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FCC Forms 'Technology Transitions Policy Task Force'

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Dec 10, 2012, 1:52 PM   by Eric M. Zeman

The Federal Communications Commission today announced the formation of a new group that will oversee the transition of the United States' existing analog circuit-switched networks to all-digital, packet-switched IP networks. The group is called the Technology Transitions Policy Task Force, and is being led by Sean Lev and Rebekah Goodheart. "The task force will play a critical role in answering the fundamental policy question for communications in the 21st century," said FCC chairman Julius Genachowski. "In a broadband world, how can we best ensure that our nation's communications policies continue to drive a virtuous cycle of innovation and investment, promote competition, and protect consumers?" The group will pay attention to the broadband needs of businesses and consumers alike, and will have a particular focus on voice and wireless services. It will also set the resiliency requirements of communications networks for the next 100 years. Genachowski remarked, "Many of the Commission's existing rules draw technology-based distinctions. So the ongoing changes in our nation's communications networks require a hard look at many rules that were written for a different technological and market landscape." The task force will not only oversee the technology, but also the policy that governs the technology moving forward. The idea was first proposed earlier this year by Commissioner Ajit Pai, who said, "[This] is a big deal. Without question, the legal and policy challenges involved will be substantial, as will be the demands on our talented staff. But so too could be the rewards. If we get this right—if we can establish a modern, deregulatory framework for the dynamic, competitive IP world—innovation will flourish, infrastructure investment will increase, and American consumers will benefit even more fully from the bounty of the digital age."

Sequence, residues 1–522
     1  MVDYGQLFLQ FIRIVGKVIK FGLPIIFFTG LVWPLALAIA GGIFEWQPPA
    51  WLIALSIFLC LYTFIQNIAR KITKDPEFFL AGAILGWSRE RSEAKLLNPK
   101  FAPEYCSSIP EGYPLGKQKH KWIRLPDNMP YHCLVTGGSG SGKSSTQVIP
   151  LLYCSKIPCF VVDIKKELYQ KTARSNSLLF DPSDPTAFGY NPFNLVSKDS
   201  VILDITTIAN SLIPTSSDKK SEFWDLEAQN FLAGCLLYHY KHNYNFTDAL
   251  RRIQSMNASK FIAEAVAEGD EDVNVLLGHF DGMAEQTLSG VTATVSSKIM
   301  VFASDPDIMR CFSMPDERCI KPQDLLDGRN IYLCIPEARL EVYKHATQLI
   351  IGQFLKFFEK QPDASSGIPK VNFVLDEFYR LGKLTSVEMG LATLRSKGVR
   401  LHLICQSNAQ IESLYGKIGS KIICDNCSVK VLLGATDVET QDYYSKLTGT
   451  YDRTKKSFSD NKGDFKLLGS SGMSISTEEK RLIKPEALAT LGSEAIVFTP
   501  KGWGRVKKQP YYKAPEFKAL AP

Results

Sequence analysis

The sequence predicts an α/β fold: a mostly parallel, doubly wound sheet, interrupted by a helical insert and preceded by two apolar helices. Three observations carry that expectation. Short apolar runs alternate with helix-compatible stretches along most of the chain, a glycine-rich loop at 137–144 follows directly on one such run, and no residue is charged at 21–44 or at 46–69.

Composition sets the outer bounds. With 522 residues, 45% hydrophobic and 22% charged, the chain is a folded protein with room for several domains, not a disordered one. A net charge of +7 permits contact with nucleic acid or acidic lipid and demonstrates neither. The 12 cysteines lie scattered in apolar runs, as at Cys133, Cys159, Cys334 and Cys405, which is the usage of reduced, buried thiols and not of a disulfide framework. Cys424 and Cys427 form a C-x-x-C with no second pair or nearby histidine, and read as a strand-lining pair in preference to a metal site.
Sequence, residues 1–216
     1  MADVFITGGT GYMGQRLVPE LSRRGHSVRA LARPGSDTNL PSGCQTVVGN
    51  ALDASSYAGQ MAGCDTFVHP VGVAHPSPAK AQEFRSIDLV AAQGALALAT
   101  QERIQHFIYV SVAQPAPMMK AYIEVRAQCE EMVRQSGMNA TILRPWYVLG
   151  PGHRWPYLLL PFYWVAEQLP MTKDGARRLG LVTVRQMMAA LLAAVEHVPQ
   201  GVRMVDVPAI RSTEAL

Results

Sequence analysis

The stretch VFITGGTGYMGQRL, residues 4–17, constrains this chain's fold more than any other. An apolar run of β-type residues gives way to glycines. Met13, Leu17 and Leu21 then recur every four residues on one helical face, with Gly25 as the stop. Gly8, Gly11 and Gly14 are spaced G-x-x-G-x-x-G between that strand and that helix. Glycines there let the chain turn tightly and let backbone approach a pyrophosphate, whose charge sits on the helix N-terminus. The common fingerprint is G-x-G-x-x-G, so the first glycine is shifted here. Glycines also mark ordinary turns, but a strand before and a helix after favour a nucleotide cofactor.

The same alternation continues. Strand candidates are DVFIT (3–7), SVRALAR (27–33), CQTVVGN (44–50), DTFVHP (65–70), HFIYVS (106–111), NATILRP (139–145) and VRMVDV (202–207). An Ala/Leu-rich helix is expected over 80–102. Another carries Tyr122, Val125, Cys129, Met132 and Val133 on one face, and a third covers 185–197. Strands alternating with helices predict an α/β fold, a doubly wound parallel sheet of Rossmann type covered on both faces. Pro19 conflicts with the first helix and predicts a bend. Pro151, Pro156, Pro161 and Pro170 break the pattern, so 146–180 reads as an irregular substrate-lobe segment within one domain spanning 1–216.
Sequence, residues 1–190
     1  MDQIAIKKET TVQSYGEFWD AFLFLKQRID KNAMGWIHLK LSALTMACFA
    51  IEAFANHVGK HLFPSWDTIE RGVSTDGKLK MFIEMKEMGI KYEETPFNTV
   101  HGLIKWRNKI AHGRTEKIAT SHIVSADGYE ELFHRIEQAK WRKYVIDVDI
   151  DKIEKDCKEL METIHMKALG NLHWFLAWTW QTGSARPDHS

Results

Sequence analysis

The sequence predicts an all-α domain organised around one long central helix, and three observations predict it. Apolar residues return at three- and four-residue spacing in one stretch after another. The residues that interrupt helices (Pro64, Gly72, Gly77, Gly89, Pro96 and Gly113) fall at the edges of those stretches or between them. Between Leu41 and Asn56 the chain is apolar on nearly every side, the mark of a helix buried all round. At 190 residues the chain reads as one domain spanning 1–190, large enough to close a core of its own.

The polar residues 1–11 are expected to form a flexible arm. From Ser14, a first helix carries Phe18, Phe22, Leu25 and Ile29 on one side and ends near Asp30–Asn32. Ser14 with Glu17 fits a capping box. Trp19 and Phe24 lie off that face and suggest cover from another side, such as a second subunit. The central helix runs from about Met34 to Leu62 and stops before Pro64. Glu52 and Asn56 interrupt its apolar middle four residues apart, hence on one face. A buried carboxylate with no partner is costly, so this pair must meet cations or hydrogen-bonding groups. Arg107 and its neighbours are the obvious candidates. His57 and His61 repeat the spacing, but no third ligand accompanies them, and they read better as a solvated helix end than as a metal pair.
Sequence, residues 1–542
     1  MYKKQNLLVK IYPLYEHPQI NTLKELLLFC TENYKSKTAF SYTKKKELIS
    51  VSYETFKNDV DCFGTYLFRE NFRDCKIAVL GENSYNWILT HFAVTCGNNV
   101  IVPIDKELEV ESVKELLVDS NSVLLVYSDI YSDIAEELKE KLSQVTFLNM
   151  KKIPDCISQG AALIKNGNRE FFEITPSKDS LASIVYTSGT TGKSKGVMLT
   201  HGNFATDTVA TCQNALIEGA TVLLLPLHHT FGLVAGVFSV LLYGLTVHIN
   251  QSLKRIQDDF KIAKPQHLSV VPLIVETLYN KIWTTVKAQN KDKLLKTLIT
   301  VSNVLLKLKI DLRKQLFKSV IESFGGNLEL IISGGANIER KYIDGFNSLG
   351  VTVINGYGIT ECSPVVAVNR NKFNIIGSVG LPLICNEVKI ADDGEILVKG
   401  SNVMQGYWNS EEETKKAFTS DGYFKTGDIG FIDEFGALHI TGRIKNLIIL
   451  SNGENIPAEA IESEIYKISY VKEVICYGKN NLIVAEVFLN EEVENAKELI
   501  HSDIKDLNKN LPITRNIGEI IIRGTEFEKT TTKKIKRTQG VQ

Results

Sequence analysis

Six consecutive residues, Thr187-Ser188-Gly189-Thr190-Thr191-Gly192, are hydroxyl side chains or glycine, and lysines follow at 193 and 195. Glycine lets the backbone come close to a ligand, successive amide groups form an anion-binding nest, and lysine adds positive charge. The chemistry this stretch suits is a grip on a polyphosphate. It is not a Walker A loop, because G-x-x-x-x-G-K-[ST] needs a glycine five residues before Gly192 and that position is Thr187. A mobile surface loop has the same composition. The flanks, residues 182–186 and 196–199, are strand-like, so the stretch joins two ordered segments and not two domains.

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Dec 10, 2012, 2:28 PM

Not as good as it sounds.

Analog circuit based technology is by far more reliable for telecommunications then IP networking. Many of the real time communications we have today are not feasible over an based network. That is why we still use the analog networks. Even fiber optic networks are still analog biased.
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